AMD Ryzen 3000 and X570 Explained

With the recent release of AMD’s new X570 chipset it seems like a good time to take a more in-depth look at the new Zen 2 processors and X570 chipset.

The Zen 2 Architecture

Zen 2 is in fact AMD’s third generation of Ryzen processors, and along with the new X570 chipset, a multitude of noteworthy upgrades comes with it. As such, we’d like to introduce you to some of the more important aspects and explain the fundamentals of these.


In general terms, it’s all about bringing even more bandwidth into the new line-up of consumer-targeted processors. The purpose is to bring more cores, and thereby more power to workstation tasks, without compromising with affordable prices. Zen 2, which is also known as Ryzen 3000, is built on the 7 nm chip die similar to that of our previously tested AMD Radeon VII graphics card. This is a 42% smaller surface area on the new chips, which makes room for more cores and less heat buildup.


The new Ryzen series starts at an MSRP of $199 for the Ryzen 5 3600X and runs all the way up to $499 for the Ryzen 9 3900X. The prices are a good match for Intel’s 9th generation Core processors. Exactly how well they are performing in comparison to Intel you can read in our recent product reviews.



Here, we see an overview of how the new Ryzen processors are built in terms of cache, threads per core and integer units. All cores are built with its own L1 and L2 cache, and they share a larger L3 cache.


AMD has increased the number of Floating Point Units (FPUs) from 128 b to 256 b, which makes the new processors capable of handling more instructions at a time.


Zen 2 manages to squeeze 32 extra ROBs into the new CPUs. An ROB is a buffer that is used to send instructions from the CPU into the appropriate registers or merely to the memory so they are ready to be used. The high internal bandwidth has created a demand for a larger buffer and that’s exactly what we get. In general, AMD has increased the bandwidth of Zen 2 across the board, and on paper it should give us a reasonable performance gain.


The Load/Store bandwidth has also been doubled. This is the amount of instructions that can be handled simultaneously. These instructions are data that is loaded in and out of the memory or the processor’s registers. By increasing the Load/Store Units, AMD has made Zen 2 ready for the higher bandwidth. So, it seems that there is a good connection between these improvements. But it will be down to benchmarking tests to see if this actually pays off in the end.


All of these improvements should manifest themselves in the form of performance gains, and according to AMD’s own comparison to the Ryzen 7 2700X it would certainly seem that we get more performance per core. At least that’s what their single core Cinebench R20 test shows.



One of the significant improvements in AMD’s Infinity Fabric die is the increase on the bus from 256 bit to 512 bit, which is an advantage in correlation with the new PCIe Gen. 4 technology. Also, the memory controller has been optimized and together with the smaller 7 nm chip die the overall energy efficiency has been optimized by 27%.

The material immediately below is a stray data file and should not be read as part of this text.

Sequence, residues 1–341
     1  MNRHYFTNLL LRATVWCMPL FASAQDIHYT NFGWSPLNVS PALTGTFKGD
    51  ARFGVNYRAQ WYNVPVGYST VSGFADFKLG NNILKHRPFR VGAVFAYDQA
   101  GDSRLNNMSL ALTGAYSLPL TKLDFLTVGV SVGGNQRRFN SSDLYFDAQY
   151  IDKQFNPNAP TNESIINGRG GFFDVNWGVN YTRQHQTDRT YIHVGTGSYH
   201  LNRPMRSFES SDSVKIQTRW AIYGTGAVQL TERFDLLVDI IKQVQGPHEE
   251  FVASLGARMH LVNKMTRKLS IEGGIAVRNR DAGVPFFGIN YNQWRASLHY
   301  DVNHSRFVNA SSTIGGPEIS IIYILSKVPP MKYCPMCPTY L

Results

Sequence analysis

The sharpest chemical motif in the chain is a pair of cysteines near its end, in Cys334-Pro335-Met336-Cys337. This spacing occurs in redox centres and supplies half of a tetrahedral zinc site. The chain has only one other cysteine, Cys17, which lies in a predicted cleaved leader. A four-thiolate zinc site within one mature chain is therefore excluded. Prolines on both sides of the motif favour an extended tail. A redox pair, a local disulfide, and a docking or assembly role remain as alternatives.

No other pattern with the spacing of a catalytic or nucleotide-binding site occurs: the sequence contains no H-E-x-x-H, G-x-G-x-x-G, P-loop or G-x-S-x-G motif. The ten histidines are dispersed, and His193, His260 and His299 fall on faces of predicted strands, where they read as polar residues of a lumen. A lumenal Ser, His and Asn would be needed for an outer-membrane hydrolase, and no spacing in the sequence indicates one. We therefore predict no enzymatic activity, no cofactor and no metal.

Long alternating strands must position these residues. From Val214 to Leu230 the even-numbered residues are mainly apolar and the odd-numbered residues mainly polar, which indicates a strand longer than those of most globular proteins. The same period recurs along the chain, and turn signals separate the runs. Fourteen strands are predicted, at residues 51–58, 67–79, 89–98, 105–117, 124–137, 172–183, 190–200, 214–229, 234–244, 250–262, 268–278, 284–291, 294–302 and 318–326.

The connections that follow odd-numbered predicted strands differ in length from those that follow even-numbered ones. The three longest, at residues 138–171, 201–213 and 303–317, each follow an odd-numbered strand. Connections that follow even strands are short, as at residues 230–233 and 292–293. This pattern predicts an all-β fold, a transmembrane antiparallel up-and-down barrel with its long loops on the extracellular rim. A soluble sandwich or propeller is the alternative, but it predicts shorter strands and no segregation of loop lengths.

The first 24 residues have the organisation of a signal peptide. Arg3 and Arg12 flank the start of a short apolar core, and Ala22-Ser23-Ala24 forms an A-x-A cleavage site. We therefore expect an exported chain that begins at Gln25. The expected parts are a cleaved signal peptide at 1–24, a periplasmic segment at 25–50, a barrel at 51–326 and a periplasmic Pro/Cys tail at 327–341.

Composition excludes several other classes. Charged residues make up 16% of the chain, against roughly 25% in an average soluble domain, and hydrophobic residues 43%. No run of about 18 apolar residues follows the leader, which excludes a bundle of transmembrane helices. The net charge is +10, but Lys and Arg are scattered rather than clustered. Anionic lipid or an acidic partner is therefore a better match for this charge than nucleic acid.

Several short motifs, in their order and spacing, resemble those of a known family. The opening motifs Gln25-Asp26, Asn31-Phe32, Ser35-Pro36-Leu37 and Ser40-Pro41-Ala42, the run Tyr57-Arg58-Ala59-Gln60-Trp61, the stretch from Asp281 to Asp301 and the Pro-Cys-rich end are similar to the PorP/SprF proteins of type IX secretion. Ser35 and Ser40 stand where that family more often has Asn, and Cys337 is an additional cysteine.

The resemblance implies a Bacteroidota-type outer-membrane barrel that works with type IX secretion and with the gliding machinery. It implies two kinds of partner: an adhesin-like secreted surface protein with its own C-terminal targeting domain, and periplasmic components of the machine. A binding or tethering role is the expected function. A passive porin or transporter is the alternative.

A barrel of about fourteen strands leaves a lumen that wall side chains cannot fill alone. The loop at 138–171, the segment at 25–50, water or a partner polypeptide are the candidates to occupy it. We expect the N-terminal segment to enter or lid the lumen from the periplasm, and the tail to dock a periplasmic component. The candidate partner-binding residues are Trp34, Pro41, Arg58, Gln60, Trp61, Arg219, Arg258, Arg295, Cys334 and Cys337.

With their Zen architecture, AMD has split their cores up in multiple CCX’s. A CCX is a cluster of four Zen cores that are connected by a shared L3 cache. In the new Zen 2 processors, two CCX’s can cooperate in a CCD which then consists of two times four cores that play together via a cIOD and an L3 cache. The purpose of this design is that the workload is fed to the core one at a time, until it reaches its limit of instructions per second, after which the next core takes over. This continues until the entire processor is in use. No core boosts to its maximum frequency if there’s nothing for them to do.

The AMD X570 Chipset


It’s time to talk a bit about the X570 chipset and what it brings to the table. We already know that there are over 150 different motherboard within this series, and we still have yet to see many of these in real-life.


The Zen 2 processors are actually backwards compatible with several different chipsets. Many of these, in fact, straight out of the box, and others with a BIOS update, which should follow closely with the release of Ryzen 3000. Similarly, the Zen and Zen+ processors are compatible with X570. There will, of course, be some functionality of the Zen 2 that will not work on X470 and under, just like Zen and Zen+ won’t be able to take advantage of all of the functionality of the X570. In general, there’s a lot of flexibility here, for instance if you already have a relatively new X470 motherboard, but want to upgrade to a Zen 2 processor.


The new Zen 2 Ryzen 3000 processors come with four USB 3.2 lanes and 24 PCIe Gen. 4 lanes, of which 16 are reserved for the graphics card, four for the NVMe and four for the chipset downlink. In addition, there are lanes for either one x4 NVMe or an x2 NVMe , two SATA6 drives and a dual channel 3200 MHz DDR4 controller. All in all, we get 20/24 PCIe Gen. 4 lanes.

The X570 chipset comes with eight PCIe Gen. 4 lanes and, in addition, four lanes more for either an x4 NVMe, two x2 NVMe or four SATA6 drives plus an x4 PCIe Gen. 4 uplink to the CPU. In total, the chipset has 20 PCIe Gen. 4 lanes. Aside from that, it is still possible for the motherboard manufacturers to add, for instance, external SATA controllers, which makes it possible to allocate some of the many SATA lanes to for example graphics card solutions.

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